Indian Journal of Critical Care Medicine

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2016 | January | Volume 20 | Issue 1

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Georgia G. Tsaousi

Is dexmedetomidine a favorable agent for cerebral hemodynamics?

[Year:2016] [Month:] [Volume:20] [Number:1] [Pages:2] [Pages No:1 - 2]

   DOI: 10.4103/0972-5229.173675  |  Open Access |  How to cite  | 



Jigisha Prahladrai Badheka, Pratik M. Doshi, Ashutosh M. Vyas, Nirav Jentilal Kacha, Vandana S. Parmar

Comparison of upper lip bite test and ratio of height to thyromental distance with other airway assessment tests for predicting difficult endotracheal intubation

[Year:2016] [Month:] [Volume:20] [Number:1] [Pages:6] [Pages No:3 - 8]

Keywords: Airway assessment tests, difficult laryngoscopy, ratio of height to thyromental distance, upper lip bite tests

   DOI: 10.4103/0972-5229.173678  |  Open Access |  How to cite  | 


Background: Various anatomical measurements and noninvasive clinical tests, singly or in various combinations can be performed to predict difficult intubation. Upper lip bite test (ULBT) and ratio of height to thyromental distance (RHTMD) are claimed to have high predictability. Hence, we have conducted this study to compare the predictive value of ULBT and RHTMD with the following parameters: Mallampati grading, inter-incisor gap, thyromental distance, sternomental distance, head and neck movements, and horizontal length of mandible for predicting difficult intubation. Materials and Methods: In this single blinded, prospective, observational study involving 170 adult patients of either sex belonging to American Society of Anesthesiologists physical Status I-III scheduled to undergo general anesthesia were recruited. All patients were subjected to the preoperative airway assessment and, the above parameters were recorded correlated with Cormack and Lehane grade and analyzed. The number of intubation attempts and use of intubation aids were also noted. Results: ULBT and RHTMD had highest sensitivity (96.64%, 90.72%), specificity (82.35%, 80.39%), positive predictive value (92.74%, 91.53%), and negative predictive value (91.3%, 78.8%), respectively, compared to other parameters. While odds ratio and likelihood ratio >1 for all the tests. Conclusion: ULBT can be used as a simple bedside screening test for prediction of difficult intubation, but it should be combined with other airway assessment tests for better airway predictability. RHTMD can also be used as an acceptable alternative.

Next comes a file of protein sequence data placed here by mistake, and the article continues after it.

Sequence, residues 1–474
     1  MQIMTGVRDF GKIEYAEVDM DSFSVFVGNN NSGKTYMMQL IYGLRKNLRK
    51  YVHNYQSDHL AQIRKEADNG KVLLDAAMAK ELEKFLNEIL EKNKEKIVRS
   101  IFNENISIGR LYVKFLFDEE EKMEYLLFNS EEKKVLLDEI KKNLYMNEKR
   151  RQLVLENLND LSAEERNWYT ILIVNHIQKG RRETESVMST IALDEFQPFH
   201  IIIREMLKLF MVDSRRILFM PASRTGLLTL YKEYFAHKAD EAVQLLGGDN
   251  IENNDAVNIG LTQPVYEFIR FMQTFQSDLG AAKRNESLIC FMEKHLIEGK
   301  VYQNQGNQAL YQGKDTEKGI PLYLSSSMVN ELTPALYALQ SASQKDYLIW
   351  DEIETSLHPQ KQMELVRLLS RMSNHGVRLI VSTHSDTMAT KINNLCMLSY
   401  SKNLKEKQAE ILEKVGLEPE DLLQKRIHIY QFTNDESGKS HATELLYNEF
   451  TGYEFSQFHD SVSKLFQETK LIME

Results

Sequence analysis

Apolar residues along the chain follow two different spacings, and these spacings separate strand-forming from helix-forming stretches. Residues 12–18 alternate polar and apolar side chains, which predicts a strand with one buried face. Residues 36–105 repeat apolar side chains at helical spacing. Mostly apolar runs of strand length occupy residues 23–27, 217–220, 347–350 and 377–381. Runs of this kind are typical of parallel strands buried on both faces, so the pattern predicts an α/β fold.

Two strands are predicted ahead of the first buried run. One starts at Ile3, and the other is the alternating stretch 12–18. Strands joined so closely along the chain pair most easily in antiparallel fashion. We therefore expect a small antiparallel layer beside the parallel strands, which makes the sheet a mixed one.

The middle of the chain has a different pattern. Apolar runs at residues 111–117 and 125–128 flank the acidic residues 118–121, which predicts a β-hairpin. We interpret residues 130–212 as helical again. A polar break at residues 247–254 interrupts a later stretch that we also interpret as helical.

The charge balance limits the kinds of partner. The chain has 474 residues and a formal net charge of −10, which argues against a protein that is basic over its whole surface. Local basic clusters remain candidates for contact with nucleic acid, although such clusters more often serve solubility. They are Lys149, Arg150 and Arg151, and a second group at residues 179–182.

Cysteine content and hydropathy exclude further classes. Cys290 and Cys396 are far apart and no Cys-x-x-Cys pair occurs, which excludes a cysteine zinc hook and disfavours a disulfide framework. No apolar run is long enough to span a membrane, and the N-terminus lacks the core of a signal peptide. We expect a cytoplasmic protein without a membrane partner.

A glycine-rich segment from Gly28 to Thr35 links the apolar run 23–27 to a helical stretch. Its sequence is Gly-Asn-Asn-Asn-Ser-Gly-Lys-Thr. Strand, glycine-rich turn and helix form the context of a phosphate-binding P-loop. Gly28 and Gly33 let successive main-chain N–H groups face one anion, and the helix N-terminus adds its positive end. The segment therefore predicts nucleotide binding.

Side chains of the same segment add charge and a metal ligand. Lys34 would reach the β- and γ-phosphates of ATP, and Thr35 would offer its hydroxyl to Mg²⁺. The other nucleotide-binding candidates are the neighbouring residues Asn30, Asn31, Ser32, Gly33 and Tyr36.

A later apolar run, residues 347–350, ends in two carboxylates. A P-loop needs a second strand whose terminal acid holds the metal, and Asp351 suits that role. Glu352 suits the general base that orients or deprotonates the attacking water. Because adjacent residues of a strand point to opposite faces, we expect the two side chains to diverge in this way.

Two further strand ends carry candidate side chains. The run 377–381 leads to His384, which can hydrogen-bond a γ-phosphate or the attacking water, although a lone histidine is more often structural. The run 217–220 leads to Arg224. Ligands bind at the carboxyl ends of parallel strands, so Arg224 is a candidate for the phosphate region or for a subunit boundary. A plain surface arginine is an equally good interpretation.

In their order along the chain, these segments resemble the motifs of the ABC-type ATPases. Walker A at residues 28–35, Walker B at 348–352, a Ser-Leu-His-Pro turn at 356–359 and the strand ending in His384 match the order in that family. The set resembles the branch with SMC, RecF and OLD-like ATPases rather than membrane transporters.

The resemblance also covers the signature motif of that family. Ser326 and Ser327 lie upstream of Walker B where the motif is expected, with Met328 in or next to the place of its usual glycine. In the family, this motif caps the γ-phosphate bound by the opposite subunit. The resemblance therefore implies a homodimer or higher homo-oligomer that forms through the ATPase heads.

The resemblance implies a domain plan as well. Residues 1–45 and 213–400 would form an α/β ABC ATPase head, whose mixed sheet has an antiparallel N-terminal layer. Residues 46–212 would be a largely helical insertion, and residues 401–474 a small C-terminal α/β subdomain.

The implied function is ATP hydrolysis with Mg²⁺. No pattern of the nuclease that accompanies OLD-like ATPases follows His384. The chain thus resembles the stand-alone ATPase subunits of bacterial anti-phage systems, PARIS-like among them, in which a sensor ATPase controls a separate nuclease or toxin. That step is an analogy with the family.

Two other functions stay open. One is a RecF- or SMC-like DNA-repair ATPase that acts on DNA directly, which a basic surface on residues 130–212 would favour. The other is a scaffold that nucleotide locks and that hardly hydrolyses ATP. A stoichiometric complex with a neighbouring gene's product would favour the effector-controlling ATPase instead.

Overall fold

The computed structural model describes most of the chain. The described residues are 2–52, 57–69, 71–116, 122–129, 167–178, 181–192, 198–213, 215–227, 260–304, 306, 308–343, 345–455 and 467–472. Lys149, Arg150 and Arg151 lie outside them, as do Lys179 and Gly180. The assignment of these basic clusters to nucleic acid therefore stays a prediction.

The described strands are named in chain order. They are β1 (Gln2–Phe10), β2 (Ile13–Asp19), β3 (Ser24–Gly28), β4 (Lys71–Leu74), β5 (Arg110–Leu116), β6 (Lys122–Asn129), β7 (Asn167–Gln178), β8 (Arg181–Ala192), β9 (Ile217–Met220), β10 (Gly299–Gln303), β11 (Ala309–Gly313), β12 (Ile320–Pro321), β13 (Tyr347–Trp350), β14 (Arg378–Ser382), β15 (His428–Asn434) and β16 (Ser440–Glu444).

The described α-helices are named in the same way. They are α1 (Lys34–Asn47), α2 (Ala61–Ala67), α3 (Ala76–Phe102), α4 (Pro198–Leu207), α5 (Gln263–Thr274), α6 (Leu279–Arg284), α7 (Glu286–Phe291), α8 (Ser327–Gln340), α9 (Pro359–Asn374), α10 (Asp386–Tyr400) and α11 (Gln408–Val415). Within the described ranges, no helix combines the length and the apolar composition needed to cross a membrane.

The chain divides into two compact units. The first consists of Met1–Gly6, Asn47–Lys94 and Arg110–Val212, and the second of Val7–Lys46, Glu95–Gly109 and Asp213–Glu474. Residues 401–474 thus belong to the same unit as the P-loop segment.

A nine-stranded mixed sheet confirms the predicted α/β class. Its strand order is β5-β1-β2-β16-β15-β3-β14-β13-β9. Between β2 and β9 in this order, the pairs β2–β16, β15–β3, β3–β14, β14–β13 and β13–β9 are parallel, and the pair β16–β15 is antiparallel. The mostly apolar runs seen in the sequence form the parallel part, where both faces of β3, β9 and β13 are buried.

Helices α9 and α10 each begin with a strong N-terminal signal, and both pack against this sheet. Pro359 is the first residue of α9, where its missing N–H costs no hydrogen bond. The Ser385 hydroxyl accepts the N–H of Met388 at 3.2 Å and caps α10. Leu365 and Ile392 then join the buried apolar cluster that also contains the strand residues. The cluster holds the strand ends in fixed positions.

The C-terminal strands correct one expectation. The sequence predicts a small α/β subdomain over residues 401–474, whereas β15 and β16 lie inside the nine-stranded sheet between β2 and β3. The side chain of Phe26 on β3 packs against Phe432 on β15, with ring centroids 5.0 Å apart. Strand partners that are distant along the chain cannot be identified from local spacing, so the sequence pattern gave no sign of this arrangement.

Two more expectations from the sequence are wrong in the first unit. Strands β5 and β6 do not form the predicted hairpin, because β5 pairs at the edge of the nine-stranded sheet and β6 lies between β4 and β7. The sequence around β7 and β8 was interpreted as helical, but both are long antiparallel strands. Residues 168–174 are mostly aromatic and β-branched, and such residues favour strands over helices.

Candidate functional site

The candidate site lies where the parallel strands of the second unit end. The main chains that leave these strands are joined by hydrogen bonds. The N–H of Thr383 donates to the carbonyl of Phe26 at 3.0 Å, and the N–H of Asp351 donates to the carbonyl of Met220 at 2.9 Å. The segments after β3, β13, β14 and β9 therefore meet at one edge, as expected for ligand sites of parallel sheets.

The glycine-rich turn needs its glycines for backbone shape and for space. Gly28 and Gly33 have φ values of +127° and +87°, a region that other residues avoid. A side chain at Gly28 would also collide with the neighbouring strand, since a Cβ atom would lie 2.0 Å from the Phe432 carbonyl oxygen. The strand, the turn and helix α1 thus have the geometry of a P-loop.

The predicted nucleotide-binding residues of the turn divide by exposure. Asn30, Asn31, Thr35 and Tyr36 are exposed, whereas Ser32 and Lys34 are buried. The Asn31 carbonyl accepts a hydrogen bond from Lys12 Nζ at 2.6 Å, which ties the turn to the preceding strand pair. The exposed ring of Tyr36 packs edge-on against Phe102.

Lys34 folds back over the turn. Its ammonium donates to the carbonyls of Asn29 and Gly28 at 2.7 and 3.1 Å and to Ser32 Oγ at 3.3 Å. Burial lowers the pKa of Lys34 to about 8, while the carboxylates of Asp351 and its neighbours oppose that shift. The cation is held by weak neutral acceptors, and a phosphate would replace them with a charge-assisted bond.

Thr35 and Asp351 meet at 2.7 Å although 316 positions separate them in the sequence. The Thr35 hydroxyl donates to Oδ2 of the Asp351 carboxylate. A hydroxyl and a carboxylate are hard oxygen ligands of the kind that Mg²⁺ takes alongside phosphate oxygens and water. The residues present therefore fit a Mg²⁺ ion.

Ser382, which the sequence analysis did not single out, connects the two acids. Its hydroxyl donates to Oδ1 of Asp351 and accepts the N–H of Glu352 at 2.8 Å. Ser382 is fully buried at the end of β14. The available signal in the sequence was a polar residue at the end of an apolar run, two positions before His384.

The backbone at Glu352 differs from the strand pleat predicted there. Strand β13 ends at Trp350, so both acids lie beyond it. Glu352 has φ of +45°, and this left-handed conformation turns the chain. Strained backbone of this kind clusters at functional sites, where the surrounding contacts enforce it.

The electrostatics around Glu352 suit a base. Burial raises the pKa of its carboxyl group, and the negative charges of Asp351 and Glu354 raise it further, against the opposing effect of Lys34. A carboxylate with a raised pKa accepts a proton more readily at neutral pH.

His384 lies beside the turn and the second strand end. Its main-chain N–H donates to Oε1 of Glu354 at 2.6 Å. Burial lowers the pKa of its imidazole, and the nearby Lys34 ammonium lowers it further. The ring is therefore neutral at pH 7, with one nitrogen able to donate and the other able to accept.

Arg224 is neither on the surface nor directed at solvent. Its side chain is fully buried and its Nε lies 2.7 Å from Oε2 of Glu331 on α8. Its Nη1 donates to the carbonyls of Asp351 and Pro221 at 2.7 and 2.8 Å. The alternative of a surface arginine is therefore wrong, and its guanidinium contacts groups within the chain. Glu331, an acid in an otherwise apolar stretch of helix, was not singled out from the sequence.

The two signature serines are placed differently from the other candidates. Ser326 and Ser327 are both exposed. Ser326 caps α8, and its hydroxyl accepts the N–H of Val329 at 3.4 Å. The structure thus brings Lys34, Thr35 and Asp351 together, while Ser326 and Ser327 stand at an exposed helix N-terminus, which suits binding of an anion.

Appavoo Arulvelan, Sethuraman Manikandan, Hari Venkat Easwer, Kesavapisharady Krishnakumar

Cerebral vascular effects of loading dose of dexmedetomidine: A Transcranial Color Doppler study

[Year:2016] [Month:] [Volume:20] [Number:1] [Pages:5] [Pages No:9 - 13]

Keywords: Cerebral vascular resistance, dexmedetomidine, transcranial color Doppler

   DOI: 10.4103/0972-5229.173680  |  Open Access |  How to cite  |